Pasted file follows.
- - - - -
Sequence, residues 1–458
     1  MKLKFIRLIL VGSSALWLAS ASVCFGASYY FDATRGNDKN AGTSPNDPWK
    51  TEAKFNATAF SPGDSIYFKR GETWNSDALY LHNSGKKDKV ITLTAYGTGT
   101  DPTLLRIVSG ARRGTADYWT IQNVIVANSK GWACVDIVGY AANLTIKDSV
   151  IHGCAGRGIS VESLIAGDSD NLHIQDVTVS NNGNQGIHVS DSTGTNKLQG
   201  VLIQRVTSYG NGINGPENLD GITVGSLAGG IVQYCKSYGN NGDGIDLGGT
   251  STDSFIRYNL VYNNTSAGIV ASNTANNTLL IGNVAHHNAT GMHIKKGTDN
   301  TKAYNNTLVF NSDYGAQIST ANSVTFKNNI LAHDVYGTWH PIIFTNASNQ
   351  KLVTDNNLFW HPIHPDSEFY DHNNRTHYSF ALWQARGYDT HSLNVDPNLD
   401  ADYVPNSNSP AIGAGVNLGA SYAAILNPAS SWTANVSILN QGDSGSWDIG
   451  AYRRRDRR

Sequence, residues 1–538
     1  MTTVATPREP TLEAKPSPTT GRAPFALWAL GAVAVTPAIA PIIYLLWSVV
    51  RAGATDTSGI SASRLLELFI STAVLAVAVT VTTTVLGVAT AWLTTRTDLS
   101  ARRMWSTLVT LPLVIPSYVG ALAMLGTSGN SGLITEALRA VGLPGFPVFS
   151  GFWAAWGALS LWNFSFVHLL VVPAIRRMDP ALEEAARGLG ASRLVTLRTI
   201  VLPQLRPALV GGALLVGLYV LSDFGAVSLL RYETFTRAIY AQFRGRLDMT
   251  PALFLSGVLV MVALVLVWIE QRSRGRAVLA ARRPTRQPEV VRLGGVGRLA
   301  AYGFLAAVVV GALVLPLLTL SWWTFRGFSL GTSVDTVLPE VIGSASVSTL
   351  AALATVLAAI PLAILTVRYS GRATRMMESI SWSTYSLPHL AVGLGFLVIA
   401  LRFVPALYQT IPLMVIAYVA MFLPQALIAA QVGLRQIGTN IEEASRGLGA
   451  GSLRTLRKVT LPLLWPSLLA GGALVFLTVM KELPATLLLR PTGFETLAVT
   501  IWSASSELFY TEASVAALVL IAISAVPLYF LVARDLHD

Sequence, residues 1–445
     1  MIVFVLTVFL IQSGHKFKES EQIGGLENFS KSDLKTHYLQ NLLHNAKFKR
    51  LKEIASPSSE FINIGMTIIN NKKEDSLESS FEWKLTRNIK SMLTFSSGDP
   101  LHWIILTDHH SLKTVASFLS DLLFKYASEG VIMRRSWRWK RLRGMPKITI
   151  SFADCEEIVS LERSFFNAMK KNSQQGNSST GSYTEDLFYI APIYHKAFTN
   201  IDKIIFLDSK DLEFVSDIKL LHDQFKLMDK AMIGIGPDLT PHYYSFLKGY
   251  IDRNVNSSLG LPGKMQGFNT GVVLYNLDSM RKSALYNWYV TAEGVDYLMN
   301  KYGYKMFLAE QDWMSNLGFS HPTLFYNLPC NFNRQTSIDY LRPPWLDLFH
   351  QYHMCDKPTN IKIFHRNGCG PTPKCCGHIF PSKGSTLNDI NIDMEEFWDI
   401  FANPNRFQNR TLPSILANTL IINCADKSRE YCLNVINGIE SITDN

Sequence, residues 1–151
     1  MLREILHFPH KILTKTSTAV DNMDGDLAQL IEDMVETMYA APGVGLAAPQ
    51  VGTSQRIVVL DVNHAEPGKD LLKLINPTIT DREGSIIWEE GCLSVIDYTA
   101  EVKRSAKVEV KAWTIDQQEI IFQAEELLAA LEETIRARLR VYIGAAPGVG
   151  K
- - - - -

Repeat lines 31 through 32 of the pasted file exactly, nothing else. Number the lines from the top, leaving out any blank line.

   301  KYGYKMFLAE QDWMSNLGFS HPTLFYNLPC NFNRQTSIDY LRPPWLDLFH
   351  QYHMCDKPTN IKIFHRNGCG PTPKCCGHIF PSKGSTLNDI NIDMEEFWDI